The highest magnitude of enhanced soil biological activities and mineral nutrient properties was found with CAI-78 treatment, followed by CAI-68, CAI-17, KAI-26 and KAI-27. The enzyme dehydrogenase is regarded as an indicator of total life in the soil and a strong indicator of biological activity. Similarly, increased microbial biomass C and dehydrogenase activity have been reported in fields upon the use of biological options for soil fertilization and insect-pests control (Carpenter-Boggs et al. 2000; Sharma and Singh 2004). Superior soil nutrient status (N, P, K and % organic carbon) has been reported on organic farms compared to soils treated with chemical pesticides and fertilizers (Sharma and Singh 2004; Singh et al. 2004). In the present study, the enhancement of soil biological and mineral nutrient properties with Streptomyces treated plots over un-inoculated control could be due to the presence of more microbial activity in the rhizosphere which leads to beneficial functions for crops such as plant growth-promotion, nitrogen fixation, phosphate solubilization and protection against pathogens.

The PGP influence of Streptomyces sp. had previously been reported in various agriculturally important crops (Tokala et al. 2002; Nassar et al. 2003; El-Tarabily 2008; Sadeghi et al. 2012; Gopalakrishnan et al. 2014a). PGP agents having a broad spectrum of activities offer effective and novel strategies not only for the improvement of crop growth and yield but also for the control of insect pests and pathogens that affect crop plants. In addition to suppressing plant pathogens and insect pests by secreting secondary metabolites, such as antibiotics, some PGP agents also elicit induced systemic resistance against a broad range of insects and pathogens (Jetiyanon and Kloepper 2002; Ryu et al. 2007). Although the Streptomyces spp. used in this study excrete antimicrobial compounds, antagonism tests by the poison food technique indicate that none of the strains inhibit the growth of nodulating bacteria Rhizobium leguminosarum on yeast extract mannitol agar media (data not shown). Thus, the Streptomyces spp., appears to be compatible with Rhizobium.

Colonization of chickpea roots by Streptomyces spp., at the right time and place is essential for enhanced PGP activity. Successful host-microbe interaction is essential, which depends on the presence of a sufficient population of bacteria, as well as the rhizosphere competence, root-colonizing ability and PGP capability of the bacteria (Lugtenberg and Dekkers 1999). The data for grain and stover yield, root mass and other agronomical traits, the chemical and biological activities of the rhizosphere soil along with the SEM micrograph clearly establish that the PGP effects of the Streptomyces spp., had been caused by successful colonization of the inoculated chickpea roots.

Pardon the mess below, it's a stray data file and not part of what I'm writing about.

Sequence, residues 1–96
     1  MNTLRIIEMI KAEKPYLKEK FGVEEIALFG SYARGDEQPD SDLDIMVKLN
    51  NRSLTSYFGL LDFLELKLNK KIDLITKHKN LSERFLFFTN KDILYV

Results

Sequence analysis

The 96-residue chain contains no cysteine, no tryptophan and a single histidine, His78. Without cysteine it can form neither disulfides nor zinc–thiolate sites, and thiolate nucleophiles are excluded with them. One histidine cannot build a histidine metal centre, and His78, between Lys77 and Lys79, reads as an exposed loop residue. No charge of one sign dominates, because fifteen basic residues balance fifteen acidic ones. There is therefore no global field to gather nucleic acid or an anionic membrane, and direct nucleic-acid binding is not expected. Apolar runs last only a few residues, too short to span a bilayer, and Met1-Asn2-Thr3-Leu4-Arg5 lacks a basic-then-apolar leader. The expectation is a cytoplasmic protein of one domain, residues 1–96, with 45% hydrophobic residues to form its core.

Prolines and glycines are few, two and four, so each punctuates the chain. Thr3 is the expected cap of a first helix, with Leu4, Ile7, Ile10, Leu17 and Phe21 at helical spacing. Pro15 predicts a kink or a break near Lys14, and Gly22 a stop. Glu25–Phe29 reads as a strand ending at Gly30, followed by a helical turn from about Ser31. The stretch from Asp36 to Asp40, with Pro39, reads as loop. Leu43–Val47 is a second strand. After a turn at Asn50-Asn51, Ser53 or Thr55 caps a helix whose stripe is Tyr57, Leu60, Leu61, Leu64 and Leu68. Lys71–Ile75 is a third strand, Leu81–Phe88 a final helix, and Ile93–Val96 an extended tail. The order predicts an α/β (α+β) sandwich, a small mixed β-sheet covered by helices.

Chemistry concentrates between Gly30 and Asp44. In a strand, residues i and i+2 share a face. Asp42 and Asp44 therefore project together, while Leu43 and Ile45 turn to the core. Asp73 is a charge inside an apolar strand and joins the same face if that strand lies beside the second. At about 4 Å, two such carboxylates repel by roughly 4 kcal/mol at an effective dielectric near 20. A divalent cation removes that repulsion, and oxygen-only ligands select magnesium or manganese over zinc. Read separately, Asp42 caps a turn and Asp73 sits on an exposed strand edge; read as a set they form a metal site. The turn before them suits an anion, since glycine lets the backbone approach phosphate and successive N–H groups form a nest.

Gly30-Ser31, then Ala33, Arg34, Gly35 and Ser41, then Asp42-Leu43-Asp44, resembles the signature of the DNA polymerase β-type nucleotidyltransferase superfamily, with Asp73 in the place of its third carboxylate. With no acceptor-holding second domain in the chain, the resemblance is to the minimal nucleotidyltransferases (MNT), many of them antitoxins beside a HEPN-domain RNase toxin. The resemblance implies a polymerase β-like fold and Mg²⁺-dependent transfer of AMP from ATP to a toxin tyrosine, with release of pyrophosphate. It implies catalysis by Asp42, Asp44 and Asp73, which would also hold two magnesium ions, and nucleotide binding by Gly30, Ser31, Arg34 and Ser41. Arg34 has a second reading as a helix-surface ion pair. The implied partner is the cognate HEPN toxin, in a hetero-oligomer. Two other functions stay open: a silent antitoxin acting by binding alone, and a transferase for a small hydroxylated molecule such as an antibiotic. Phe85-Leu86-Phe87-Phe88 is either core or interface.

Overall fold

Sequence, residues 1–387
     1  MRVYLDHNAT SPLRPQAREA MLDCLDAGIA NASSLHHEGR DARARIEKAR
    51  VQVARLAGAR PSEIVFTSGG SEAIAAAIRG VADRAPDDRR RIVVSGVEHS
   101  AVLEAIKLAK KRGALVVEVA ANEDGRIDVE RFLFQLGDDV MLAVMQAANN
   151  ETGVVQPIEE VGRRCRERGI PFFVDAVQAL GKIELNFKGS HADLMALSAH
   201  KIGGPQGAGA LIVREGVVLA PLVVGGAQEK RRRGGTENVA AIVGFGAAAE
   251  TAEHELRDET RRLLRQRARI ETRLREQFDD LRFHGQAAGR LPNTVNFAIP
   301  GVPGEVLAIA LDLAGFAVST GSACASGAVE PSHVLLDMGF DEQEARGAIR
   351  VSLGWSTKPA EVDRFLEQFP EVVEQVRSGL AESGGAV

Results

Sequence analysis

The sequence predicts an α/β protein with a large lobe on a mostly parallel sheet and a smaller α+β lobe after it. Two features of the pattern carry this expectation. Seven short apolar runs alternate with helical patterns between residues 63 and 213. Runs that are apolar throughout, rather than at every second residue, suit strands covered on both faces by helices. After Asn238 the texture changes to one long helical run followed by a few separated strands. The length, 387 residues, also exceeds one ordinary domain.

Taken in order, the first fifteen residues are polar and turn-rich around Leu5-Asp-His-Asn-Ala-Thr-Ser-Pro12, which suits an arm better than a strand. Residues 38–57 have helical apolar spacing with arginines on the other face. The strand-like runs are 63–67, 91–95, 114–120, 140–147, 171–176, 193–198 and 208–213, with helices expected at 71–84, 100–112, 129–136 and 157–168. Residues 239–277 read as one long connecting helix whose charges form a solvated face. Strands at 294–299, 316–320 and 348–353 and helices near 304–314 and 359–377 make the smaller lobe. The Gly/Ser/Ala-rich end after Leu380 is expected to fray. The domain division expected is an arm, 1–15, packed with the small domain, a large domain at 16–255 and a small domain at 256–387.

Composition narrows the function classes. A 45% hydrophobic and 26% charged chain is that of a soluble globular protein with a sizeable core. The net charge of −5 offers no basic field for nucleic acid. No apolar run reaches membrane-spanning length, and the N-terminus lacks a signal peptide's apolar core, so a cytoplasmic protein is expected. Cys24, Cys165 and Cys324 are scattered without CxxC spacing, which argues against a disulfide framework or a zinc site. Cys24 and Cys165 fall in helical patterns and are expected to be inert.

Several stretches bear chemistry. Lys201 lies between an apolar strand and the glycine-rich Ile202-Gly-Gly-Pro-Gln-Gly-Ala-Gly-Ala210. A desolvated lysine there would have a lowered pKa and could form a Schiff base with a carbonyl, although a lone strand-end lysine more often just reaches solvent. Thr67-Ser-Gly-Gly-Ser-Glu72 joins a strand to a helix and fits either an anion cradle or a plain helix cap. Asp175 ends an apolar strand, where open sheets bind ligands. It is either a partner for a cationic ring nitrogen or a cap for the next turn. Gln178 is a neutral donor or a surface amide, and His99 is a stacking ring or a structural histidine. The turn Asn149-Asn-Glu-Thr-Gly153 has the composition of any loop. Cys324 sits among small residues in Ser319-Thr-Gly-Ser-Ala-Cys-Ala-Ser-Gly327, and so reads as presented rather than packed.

The mechanism by which the five Streptomyces sp. could consistently enhance agronomical and yield traits on sorghum, rice (from our previous study) and chickpea can be attributed to their enzymatic activities, such as the ability to produce siderophores and indole acetic acid and β-1,3-glucanase (Gopalakrishnan et al. 2011b; 2013). Siderophores are known to form stable organic complexes with heavy metals such as Cu, Cd, In, U, Np, Al, Pb, Zn and Ga and increase the soluble metal concentration (Rajkumar et al. 2010) in the soil system, thus alleviating the various heavy metal stresses imposed on plants. Siderophores also act as solubilizing agents of iron from minerals when iron nutrition becomes a limitation (Indiragandhi et al. 2008). IAA-producing microorganisms are known to stimulate seed germination, initiate adventitious and lateral root formation and increase root length and surface area, thereby providing the host plant greater access to soil nutrients and water (Ahemad and Kibret 2014). The cell wall of plant pathogens is composed of layers of β-1,3-glucan (as in the case of Fusarium oxysporum, the causal agent of wilt disease in many crops) and lysis of these layers by β-1,3-glucanase-producing microorganisms leads to the leakage of cell contents and the collapse of the pathogenic fungi (Singh et al. 1999).

Our previous results documented the production of IAA (0.22 – 0.95%), β-1,3 glucanase (0.2 – 2.92 units) and siderophore (qualitative; 1–3 rating scale) by all of these Streptomyces strains (Gopalakrishnan et al. 2011b; Gopalakrishnan et al. 2013). Further characterization on gene expression profiles of these PGP genes revealed overall up-regulation in all the Streptomyces strains. However, no significant change in expression profiles of all three genes, IAA, siderophore and β-1,3-glucanase, was observed in isolates CAI-17 and CAI-78. The relative expression profiles of these genes in CAI-17 and CAI-78 do not correlate with the PGP capabilities observed under field conditions. This may be due to analysis of the gene expression profiles in only one biological replication of the strains. The exact role of these genes is to be precisely elucidated with more biological replications. However, validation of the IAA, siderophore and β-1,3-glucanase genes confirmed the insights gained from in vitro PGP attributes of the studied Streptomyces strains. Hence, it is concluded that the Streptomyces strains studied in this investigation contains multiple PGP traits and can therefore be exploited not only for PGP but also for biological control of plant pathogens.